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Paperback Diary of a Djinn Book

ISBN: 1400034612

ISBN13: 9781400034611

Diary of a Djinn

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Format: Paperback

Condition: Good

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Book Overview

The all-knowing djinn of ancient lore can adopt many forms, but there are times when it chooses the limits of one body, one life. In this bewitching first novel, a djinn takes up residence in a restlessly brilliant woman, guiding her choices in life and love as she chases the satisfaction that eludes her-from a cloistered Florentine boarding school to the glamour of a Milan fashion house to a life beyond her means in 1990s Manhattan. She is as skilled...

Customer Reviews

1 rating

I Dream of Gini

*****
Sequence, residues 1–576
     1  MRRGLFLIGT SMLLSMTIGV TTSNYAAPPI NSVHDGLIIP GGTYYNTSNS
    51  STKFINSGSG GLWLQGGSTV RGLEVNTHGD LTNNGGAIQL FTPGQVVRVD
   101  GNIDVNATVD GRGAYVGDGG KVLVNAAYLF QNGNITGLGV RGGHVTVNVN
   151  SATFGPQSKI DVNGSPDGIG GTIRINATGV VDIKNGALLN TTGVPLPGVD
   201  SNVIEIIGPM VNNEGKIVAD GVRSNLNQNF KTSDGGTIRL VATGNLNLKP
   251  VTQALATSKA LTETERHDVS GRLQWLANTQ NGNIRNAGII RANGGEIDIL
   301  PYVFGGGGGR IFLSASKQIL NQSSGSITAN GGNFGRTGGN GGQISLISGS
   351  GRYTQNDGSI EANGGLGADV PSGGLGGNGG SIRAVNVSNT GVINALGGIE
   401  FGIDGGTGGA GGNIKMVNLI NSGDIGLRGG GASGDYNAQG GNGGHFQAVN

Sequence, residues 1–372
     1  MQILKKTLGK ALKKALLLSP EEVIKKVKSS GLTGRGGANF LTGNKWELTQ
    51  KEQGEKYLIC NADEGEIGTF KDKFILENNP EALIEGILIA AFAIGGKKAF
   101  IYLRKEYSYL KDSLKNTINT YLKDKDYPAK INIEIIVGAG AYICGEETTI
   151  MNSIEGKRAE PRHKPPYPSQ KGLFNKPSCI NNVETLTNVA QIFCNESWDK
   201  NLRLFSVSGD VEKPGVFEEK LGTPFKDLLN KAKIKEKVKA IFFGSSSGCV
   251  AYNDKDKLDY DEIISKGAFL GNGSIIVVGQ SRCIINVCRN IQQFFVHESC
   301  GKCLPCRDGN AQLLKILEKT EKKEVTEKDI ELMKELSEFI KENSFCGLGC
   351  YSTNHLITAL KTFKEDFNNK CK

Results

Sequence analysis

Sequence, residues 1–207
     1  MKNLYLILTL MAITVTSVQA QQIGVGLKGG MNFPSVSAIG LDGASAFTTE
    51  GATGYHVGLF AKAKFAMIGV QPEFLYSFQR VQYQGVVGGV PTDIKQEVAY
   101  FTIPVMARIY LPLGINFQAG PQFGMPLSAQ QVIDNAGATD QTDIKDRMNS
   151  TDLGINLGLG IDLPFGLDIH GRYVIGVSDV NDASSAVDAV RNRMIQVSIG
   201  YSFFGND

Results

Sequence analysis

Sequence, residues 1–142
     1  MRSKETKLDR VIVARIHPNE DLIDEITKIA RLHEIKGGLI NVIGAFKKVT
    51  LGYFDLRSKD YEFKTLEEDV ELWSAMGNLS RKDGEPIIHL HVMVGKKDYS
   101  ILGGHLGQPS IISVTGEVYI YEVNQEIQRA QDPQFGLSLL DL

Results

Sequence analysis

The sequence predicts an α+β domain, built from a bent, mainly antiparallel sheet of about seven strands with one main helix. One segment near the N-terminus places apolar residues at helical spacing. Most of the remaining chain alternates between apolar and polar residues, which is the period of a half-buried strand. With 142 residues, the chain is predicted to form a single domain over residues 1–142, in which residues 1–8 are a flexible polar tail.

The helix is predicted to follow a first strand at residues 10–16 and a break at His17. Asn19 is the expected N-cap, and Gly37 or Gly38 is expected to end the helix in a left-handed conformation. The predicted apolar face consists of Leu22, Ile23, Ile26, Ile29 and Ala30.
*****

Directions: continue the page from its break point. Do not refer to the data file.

I liked the story of a woman who goes floating around "from body to body" like the evil spirit in the Denzel washington thriller "Fallen"--except of course she's not evil, just kind of languid and dreamy in an Anais Nin kind of way. The late Susan Sontag gave this novel high praise. and reading it you can see why it would appeal both to Sontag's high intelligence and her love of the sensual and elegant. In a way, the heroine's affair with a married man, and her encounters with his soignee mother, the Princess, are the materials of a Henry James study in contrasting cultures. We warm to the Princess for her beautifully understated way of handling everything, as we did Isak Dinesen. In one amusing episode she has to sit in an uncomfortable chair while listening to a speech. "She sat upright and did not stir. Only towards the end of three hours did I notice a slight shifting in her seat. She said, 'If I find the person who designed this chair, I'll throw it in his face.'" However, her son Hare is pretty innocuous and the heroine's love affair with him is pretty lukewarm compared to her miscellaneous observations about the princess. The Readers Digest used to have a running feature where you could write in and tell all about "The Most Unforgettable Character You Ever Met." In this book, the unforgettable one is the princess. And yet everyone has a story, an engrossing one. When the heroine tries to buy an air conditioner, you can see why people think Gini Alhadeff a fine writer. "Reason epople did not quibble over the noise an air conditioner made--one so promisingly named Quietmaster. It must mean, I thought, that other brands were even noisier. sought once again to extract from Mr. Lin an opinion as to which brand might be quieter." Don't you love the concision of that well chosen verb, "extract"? "But he went into his philosophical dissertation once again, starting with 'Every machine different...' and ending with '...not possible to know.' But then he had a sudden illumination. 'Machine very noisy because room very quiet--you writer.'" Okay, so he sounds a bit like Charlie Chan, still it's interesting, unlike so many novels written today.
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